Origin Of The Beggar's Opera





It was Swift that first suggested to Gay the idea of the Beggar's

Opera, by remarking, what an odd, pretty sort of a thing a Newgate

pastoral might make! "Gay," says Pope, "was inclined to try at such a

thing for some time; but afterwards thought it would be better to write

a comedy on the same plan. This was what gave rise to the Beggar's

Opera. He began on it; and when he first mentioned it to Swift, the

doctor did not much like the project. As he carried it on, he showed

what he wrote to both of us; and we now and then gave a correction, or a

word or two of advice, but it was wholly of his own writing. When it was

done, neither of us thought it would succeed. We showed it to Congreve,

who, after reading it over, said, 'It would either take greatly, or be

damned confoundedly.' We were all, at the first sight of it, in great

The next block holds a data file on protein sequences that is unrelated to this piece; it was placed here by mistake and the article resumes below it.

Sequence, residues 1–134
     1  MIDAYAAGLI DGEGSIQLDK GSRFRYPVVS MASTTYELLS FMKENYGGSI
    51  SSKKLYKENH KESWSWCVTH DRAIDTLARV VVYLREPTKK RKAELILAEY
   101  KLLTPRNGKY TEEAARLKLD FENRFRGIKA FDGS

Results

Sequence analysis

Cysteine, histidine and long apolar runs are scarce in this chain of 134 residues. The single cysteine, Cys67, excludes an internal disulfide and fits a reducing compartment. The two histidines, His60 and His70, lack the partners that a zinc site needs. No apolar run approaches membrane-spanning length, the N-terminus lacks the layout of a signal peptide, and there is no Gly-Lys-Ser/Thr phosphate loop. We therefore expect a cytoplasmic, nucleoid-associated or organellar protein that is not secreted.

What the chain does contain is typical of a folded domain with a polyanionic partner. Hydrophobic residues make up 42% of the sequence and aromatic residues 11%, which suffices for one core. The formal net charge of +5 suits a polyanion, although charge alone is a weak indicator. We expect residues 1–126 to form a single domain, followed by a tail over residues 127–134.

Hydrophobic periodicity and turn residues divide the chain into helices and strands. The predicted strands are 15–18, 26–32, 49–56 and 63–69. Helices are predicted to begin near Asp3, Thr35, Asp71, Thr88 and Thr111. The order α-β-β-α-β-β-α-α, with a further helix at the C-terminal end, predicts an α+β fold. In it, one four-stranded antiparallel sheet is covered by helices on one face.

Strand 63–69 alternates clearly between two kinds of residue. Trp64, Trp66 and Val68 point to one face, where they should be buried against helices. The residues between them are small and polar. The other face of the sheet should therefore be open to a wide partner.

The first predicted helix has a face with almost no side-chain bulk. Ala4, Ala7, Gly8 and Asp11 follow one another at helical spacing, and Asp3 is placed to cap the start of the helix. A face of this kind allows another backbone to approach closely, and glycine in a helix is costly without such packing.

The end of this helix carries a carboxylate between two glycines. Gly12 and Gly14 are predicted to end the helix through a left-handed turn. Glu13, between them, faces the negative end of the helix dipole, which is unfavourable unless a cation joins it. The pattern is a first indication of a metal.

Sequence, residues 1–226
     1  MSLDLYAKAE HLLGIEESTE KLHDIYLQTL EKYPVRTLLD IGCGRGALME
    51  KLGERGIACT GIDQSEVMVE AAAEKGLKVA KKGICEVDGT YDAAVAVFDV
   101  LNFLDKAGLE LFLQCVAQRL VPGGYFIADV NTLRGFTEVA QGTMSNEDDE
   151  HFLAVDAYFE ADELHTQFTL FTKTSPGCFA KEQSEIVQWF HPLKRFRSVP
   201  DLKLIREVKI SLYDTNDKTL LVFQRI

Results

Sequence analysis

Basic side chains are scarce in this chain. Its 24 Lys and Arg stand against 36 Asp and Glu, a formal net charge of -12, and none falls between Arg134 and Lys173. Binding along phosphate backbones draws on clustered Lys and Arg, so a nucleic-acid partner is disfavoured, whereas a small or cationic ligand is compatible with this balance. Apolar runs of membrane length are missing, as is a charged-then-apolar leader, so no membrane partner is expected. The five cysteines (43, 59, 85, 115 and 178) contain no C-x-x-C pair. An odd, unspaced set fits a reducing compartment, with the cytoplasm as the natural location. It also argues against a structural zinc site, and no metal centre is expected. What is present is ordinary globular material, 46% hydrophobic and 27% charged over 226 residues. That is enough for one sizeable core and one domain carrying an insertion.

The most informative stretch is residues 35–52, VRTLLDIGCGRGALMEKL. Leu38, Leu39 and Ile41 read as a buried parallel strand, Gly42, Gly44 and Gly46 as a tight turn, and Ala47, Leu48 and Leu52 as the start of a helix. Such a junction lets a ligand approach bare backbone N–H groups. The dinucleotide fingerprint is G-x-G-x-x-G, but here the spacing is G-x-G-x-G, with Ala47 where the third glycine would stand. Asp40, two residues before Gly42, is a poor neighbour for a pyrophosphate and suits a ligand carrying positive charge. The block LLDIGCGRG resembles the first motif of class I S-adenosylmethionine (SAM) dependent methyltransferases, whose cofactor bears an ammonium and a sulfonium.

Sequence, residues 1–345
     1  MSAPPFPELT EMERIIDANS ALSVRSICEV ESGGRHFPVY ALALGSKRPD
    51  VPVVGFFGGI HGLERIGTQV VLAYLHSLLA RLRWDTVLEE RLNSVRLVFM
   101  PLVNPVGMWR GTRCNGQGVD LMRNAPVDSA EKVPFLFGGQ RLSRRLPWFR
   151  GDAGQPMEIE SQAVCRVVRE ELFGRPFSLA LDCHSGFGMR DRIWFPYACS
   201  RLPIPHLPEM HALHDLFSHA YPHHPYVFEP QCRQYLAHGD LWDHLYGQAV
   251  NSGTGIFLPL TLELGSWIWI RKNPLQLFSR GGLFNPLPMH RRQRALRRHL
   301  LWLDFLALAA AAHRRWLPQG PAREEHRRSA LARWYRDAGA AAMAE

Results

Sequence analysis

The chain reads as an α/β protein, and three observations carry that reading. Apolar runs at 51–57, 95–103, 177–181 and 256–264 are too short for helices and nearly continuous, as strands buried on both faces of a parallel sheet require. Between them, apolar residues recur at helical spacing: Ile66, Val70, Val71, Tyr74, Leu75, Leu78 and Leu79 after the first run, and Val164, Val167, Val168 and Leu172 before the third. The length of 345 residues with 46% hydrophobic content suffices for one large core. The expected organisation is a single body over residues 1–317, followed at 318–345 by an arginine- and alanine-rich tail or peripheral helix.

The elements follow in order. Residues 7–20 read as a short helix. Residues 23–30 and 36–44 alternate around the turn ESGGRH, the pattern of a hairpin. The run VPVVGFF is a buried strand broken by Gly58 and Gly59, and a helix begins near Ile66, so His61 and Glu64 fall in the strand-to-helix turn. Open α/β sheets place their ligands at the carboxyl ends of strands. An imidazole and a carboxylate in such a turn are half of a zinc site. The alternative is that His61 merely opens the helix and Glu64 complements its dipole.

uncertainty of the event, till we were very much encouraged by hearing

the Duke of Argyle, who sat in the next box to us, say, 'It will do--I

see it in the eyes of them.' This was a good while before the first act

was over, and so gave us ease soon; for the Duke (besides his own good

taste) has as particular a knack as any one now living, in discovering

the taste of the public. He was quite right in this, as usual; the good

nature of the audience appeared stronger and stronger every act, and

ended in a clamour of applause."



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